They're dual-gauge, meaning that they can show both 16mm and 35mm films, and they have variable speed control for silent films. Modern sound films are shown at 24 frames per second, but silents were often shown at slower speeds. Showing silent movies at "sound speed" gives them a comedic, jerky quality their filmmakers never intended.
Over at Union South, the Marquee theater features 350 seats and rebuilt projectors from the Memorial Union's Play Circle.
"The Marquee has certainly worked out for us," says Healy. "It's a space designed specifically for films, but also for the student body. They're going in there and enjoying popcorn and snacks and things like that."
The Wisconsin Union Directorate presents its own slate of films in the Marquee. "I think the collaboration between the Cinematheque and WUD Film is terrific," says Tom Yoshikami, a former Cinematheque programmer and currently the directorate's art and film advisor. He also helps curate the Spotlight Cinema series at the Madison Museum of Contemporary Art.
"I, among others, have longed for film on campus to be more centralized, and with current collaborations like Marquee Mondays and Joe Dante's visit, I think we're taking steps to creating a cohesive yet diverse film culture," he says.
To accommodate the new screens, programming is "leaping by at least a third," Healy says. "I think we can only grow, in terms of our audience."
This means that, for the first time in a long time, downtown Madison has a wide selection of movie venues.
"It's important that people can come downtown and take a part in this culture, and enjoy themselves and have a night out," says Healy. "But more than just carrying on a tradition of 'downtown cinema,' I think what's more important to me is carrying on this specifically Madison tradition of repertory cinema."
The Cinematheque was born during the 1997-98 school year, but its roots go back decades.
As early as 1924, critic Gilbert Seldes in The Seven Lively Arts argued that motion pictures were an art form, but the idea wasn't widely embraced until the rise of the auteur theory of filmmaking in the 1950s. Motion pictures are almost by definition collaborative, but now the director's intent was parsed out and heralded.
With movies newly identified as celluloid canvases produced by master artists, in the 1960s campuses nationwide exploded with film societies to explore the careers of leading directors and to view seldom-seen classics.
At the UW, it was like throwing gasoline on the fire at the end of Citizen Kane. Countless classics (and occasional pornographic films) were screened on lecture hall screens into the 1980s. On any weekend, you could choose a movie from any film decade, from around the world. For many native Madisonians, UW room locations such as "B10 Commerce" are today still fondly recalled as inexpensive theaters.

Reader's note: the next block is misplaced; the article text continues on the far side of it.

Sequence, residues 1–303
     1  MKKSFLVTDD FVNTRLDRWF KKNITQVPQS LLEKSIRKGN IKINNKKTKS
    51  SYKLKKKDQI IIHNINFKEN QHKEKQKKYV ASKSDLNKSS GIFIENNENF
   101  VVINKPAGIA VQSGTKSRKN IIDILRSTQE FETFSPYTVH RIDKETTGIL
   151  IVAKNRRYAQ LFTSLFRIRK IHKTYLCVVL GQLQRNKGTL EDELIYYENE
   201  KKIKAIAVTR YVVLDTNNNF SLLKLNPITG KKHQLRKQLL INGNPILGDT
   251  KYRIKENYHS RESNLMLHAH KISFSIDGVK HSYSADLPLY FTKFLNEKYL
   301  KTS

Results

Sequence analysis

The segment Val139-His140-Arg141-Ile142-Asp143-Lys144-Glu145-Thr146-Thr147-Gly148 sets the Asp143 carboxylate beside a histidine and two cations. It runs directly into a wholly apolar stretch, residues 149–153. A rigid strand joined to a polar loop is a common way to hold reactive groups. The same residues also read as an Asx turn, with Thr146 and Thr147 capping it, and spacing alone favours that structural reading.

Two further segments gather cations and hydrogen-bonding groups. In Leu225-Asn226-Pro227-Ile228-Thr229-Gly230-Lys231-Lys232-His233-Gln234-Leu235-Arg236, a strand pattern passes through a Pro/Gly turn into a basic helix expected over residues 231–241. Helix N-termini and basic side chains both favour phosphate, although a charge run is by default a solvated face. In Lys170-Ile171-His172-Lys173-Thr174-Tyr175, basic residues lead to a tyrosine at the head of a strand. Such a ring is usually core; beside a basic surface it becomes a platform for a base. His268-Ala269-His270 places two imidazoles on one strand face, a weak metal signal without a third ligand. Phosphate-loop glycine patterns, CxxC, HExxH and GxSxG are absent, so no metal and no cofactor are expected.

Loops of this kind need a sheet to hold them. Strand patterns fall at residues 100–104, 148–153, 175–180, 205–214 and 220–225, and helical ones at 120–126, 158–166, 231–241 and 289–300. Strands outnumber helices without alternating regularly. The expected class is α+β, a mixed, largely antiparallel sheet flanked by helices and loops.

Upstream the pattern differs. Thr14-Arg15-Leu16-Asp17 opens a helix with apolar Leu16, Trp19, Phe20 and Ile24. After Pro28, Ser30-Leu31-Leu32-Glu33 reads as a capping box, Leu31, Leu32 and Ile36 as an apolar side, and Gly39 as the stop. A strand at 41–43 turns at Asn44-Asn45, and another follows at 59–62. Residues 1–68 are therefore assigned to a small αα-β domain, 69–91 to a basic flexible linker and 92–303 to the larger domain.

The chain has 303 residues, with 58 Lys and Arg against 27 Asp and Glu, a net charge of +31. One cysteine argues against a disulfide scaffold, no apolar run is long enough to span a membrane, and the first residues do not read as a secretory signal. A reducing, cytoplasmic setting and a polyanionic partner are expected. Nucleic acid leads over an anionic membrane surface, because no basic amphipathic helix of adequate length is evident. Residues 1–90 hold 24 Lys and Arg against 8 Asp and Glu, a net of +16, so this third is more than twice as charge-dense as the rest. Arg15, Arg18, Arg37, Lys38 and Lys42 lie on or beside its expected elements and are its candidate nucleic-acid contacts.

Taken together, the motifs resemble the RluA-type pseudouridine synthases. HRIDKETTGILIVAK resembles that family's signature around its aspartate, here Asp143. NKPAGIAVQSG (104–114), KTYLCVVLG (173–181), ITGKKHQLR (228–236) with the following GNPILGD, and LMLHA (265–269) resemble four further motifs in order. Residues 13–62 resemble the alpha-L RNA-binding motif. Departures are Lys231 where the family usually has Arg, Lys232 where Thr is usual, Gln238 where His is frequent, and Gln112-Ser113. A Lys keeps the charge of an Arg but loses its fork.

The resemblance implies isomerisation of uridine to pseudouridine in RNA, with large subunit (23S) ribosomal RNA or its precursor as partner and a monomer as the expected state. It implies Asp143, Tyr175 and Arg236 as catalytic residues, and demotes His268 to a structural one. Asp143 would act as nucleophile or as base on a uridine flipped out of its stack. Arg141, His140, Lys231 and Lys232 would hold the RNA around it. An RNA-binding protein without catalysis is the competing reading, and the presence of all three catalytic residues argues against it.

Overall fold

It was a good time to be a film fan in the capital. An influential critical film journal was founded here in 1971, The Velvet Light Trap, which continues today. In the 1970s and 1980s, the Majestic Theatre was a revival house, setting aside whole weeks for retrospectives on Charlie Chaplin, Orson Welles, Buster Keaton, Federico Fellini and 3-D movies. At least one local film library, or "exchange," was created solely to rent movies to the campus societies. The Madison Art Center offered classes in filmmaking to children.
Then the excitement subsided. Or, at least, it moved from social public screenings to private living rooms. The videocassette killed campus film societies - but their influence remains.
"I started the Cinematheque with a number of graduate students and faculty that were disturbed by the fact that the film societies were a thing of the past, and it was no longer possible to see a wide variety of films in 35mm on campus," says Lea Jacobs, director of the Cinematheque and a professor of communication arts. "It was several years before we were able to hire a professional projectionist, and not until last year that we were able to hire a professional programmer."
Plans for the near future include newly restored films from 20th Century Fox, the films of Josef von Sternberg, collaboration with the UW department of African studies for its 50th anniversary, and a series from Catalan, Spain. Joe Swanberg, a prolific Chicago-based filmmaker, will visit in February. A favorite from Madison's film society days, Jacques Tati, will be featured in December.
Madison so far seems very receptive to the expanded Cinematheque, despite the fact that today there are more ways to view more filmed content than ever. Healy maintains that the essential quality of cinema is an audience. Otherwise, it's just...well, film. Or a DVD or streaming video.
"The idea of a communal experience where there's a limited window of opportunity, and everyone gets together to see something and experiences it - in most cases for the first time - that's what cinema is for me," he says.
"Watching it in the dark, with other people; there's almost an inherent, physical cinematic quality to it, to the extent that a motion picture on 35mm film is told in frames - still frames - and there's black space in between them, and the image is all put together, making an experience.
"That black space is almost like the darkness that is with us in the theater, and allows us to both be together and by ourselves."